This is your last activity, so put all the effort into it! You will make and design the folder for your artworks. Here are some examples, but remember that these are just some ideas, you can do whatever you want as long as it holds your works, be CREATIVE.
SIZE: A little bit more than a DIN A4 (Let's say 23 cm width and 32 length)
MATERIALS: Cardboard, and anything you want to decorate it.
DEADLINE: Last day of class.
HOW TO MAKE PLASTER MASKS (From http://www.wikihow.com/Make-a-Plaster-Mask)
Prepare your work area. Choose a room where you have a lot of space to spread out, since working with plaster can get messy. Lay newspapers or a drop cloth on the floor. Have paper towels handy in case a stray drip lands outside the covered area.
Prepare your supplies. Cut bandage plaster into strips. You will need enough strips to make three layers of plaster over the face.
The strips should be about 2-3 inches wide by 3 inches (5-7.5 cm x 7.5 cm) long.
Make some strips longer, shorter, wider or thinner. You'll need strips to cover all areas of the face.
Place the strips in a bowl. Set out a second bowl filled with warm water that you will use to wet the strips.
Prepare your subject. The person whose face you are using to mold the mask should wear clothing that he or she doesn't mind getting wet with drips of plaster.
Decide how much of the subject's face you plan to cover. It's best to have a conversation with your subject about his or her comfort level. If you wish to cover the entire face, make sure the nostril area is left clear so that the subject can breathe freely.
The process is easiest if the subject lies on the floor, but if he or she prefers to sit in a chair, wrap towels around his or her neck and shoulders.
Ask your subject to tie back his or her hair, and to pin bangs away from the face.
WATCH THESE VIDEOS:
LAST STEP: time to decorate your masks, and next week we will admire in class your creative works of art. Here is an example from past years students:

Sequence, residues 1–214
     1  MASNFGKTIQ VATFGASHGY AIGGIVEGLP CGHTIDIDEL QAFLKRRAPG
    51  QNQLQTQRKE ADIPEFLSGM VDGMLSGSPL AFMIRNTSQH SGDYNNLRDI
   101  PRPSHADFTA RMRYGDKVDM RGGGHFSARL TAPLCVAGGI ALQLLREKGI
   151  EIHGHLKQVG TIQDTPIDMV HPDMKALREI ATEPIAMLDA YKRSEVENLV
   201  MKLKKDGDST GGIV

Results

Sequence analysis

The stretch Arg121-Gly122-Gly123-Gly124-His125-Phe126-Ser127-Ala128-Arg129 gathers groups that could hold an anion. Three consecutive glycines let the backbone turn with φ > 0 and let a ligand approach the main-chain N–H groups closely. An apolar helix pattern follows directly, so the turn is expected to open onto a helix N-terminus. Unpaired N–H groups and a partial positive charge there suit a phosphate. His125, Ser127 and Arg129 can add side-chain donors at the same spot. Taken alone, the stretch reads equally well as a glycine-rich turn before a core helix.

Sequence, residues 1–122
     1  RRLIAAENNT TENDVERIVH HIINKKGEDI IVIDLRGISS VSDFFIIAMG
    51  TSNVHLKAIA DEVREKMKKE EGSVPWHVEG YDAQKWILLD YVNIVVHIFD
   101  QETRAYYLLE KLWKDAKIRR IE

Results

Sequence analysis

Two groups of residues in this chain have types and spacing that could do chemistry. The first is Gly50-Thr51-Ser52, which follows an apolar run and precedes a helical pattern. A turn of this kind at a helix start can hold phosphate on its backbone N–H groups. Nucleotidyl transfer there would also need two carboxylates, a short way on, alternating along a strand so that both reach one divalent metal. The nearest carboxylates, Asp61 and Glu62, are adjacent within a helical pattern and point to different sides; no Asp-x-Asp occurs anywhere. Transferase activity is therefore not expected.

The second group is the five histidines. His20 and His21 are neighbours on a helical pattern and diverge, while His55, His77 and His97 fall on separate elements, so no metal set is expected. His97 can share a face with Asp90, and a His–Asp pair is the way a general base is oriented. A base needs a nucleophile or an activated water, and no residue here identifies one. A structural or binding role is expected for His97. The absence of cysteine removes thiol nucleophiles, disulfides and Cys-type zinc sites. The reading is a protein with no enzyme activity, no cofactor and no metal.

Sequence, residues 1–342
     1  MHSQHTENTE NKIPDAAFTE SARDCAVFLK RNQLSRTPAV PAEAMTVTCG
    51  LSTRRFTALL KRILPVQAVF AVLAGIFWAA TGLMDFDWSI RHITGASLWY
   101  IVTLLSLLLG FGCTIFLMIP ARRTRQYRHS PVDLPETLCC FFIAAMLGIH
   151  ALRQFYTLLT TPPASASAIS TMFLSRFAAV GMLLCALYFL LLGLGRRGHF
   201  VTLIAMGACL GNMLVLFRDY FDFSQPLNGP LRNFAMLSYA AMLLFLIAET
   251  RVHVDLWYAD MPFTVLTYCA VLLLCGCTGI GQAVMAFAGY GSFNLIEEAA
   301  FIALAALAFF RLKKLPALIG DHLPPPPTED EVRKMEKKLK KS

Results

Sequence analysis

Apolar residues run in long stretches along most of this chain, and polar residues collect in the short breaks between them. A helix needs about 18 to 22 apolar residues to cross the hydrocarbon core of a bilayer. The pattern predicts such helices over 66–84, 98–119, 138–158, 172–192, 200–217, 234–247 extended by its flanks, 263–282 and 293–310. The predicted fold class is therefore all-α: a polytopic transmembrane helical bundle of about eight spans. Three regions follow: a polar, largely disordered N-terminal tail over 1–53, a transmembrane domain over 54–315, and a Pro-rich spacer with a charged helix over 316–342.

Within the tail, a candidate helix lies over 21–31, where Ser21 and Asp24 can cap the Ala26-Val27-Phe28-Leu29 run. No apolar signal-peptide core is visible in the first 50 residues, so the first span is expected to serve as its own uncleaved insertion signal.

a 6 cm radius circumference and divide it in 12 equal parts, then
colour the primary, secondary and tertiary colours (in this order) using
only the three primary colour pencils. Write the names of the colours
and divide it in two parts, indicating warm and cool colour schemes.
COLOUR WHEEL ONLINE
Complete the following worksheet and print it (click on the image to get the worksheet)
Color Palette Generator.
Enter the URL of an image to get a color palette that matches the
image. This is useful for coming up with a website color palette that
matches a key image a client wants to work with.
The visual elements of an image are: POINT, LINE, SHAPE, FORM (SPACE), VALUE, COLOUR AND TEXTURE.
During this term we have seen three of these visual elements: Point, Line and Shape. The next visuals elements to see are TEXTURE, COLOUR, VALUE and FORM (SPACE)
TEXTURE is a powerful art element because it can quickly evoke memories and emotions. Start becoming
more aware of textures all around you—the carpet, in the clothes you’re wearing, and the fur on your cat. Let's see these presentations and video to get a better idea of this concept:
THEORY FOR THE NOTEBOOK:
HOW TO DRAW IMPLIED (VISUAL) TEXTURES
You can also check this video out to learn a bit more about TEXTURES:
Welcome back from the Christmas holidays! Happy New Year 2017. This term we will get started with the basic elements of expression in art: the dot, the line and the plane, and how to create works of art and volume with these elements.
Let's watch these presentations to get a better idea about it:
Now let's do a little practise, create your own design based on these works of pointillism
THEORY FOR THE SECOND TERM EXAM
The elements of Visual Language
Dots, lines, shapes, texture, colours and volume
•A dot is a mark that shows the beginning of a work or the end of it.